After the $5 billion-plus expansion of the Panama Canal is dedicated this Sunday, June 26, the first “New Panamax” vessel scheduled to pass through the canal’s new, longer, wider locks will be the Lycaste Peace, a Very Large Gas Carrier (VLGC) that is transporting propane from Enterprise Products Partners’ Houston Ship Channel export terminal to Tokyo Bay in Japan. What remains to be seen, though, is how many other supersized vessels carrying propane, liquefied natural gas (LNG) or other hydrocarbons will follow, and how soon. Today, we mark the formal opening of the newly enlarged Atlantic-Pacific short-cut with a look both at the game-changing potential of the expanded canal and the realities of today’s energy and shipping markets.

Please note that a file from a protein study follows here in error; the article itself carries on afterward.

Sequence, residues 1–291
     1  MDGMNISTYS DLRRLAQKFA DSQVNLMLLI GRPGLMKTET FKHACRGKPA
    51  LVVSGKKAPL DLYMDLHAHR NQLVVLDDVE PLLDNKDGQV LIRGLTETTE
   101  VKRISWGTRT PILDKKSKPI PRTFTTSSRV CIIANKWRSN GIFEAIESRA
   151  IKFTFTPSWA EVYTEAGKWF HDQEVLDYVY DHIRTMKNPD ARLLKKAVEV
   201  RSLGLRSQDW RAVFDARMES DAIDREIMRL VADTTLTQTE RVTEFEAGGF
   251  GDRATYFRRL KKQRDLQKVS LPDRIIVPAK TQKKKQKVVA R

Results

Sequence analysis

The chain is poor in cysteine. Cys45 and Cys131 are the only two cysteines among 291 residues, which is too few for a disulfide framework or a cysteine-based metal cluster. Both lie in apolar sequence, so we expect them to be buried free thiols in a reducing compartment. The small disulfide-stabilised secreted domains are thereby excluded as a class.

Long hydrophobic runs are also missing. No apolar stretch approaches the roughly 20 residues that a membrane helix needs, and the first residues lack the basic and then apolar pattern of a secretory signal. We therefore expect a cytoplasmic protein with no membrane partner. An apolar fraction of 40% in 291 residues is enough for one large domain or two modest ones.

The international energy trade has been shifting toward larger and larger sea-going vessels, seeking to maximize economies of scale and minimize shipping costs. That shift has been stymied somewhat, though, by the Panama Canal’s inability—until now—to handle the vast majority of the world’s LNG and liquefied petroleum gas (LPG) carriers. As we said in our recent Run Through the Jungle blog series and Here She Comes, Full Blast blog, until new, larger locks were built and other improvements were made along the canal, the manmade waterway was limited to vessels no larger than 965 feet long and 106 feet wide; and their drafts (or depth below water level) were capped at just under 40 feet. (Ships up to this size and draft are known as “Panamax” vessels.) When the new canal locks open for business this weekend, the “New Panamax” dimensional limits of ships using the canal increases to 1,200 feet in length, 160 feet in width, and 50 feet of draft. That’s a game-changer for both LNG and LPG. Until now, less than 10% of the world’s 400-ship fleet of LNG carriers can use the canal, but starting on Sunday more than 90% will be able to. (In fact, the only LNG carriers that will not be able to use the canal because of their width are the Q-Flex (164 feet wide) and Q-Max (180 feet wide), vessels whose use was pioneered by Qatar Gas to move staggering volumes of LNG.) The expanded canal also significantly expands the number of ships that can move propane, butanes or LPG (which is mostly propane with some butanes) through the canal. The VLGC (which can carry between 375 MBbl and 550 MBbl, depending on the model) is the LPG-mover of choice, especially for serving mega-markets like Japan (where, as we said, the first VLGC to ply the expanded canal is headed). Only one-fifth of the 200 or so VLGCs now afloat could fit through the old Panama Canal, but now every VLGC on the planet (including the first through-the-locks Lycaste Peace—photo below—which is leased to Japanese LPG trader Astomos Energy) can fit through the expanded waterway.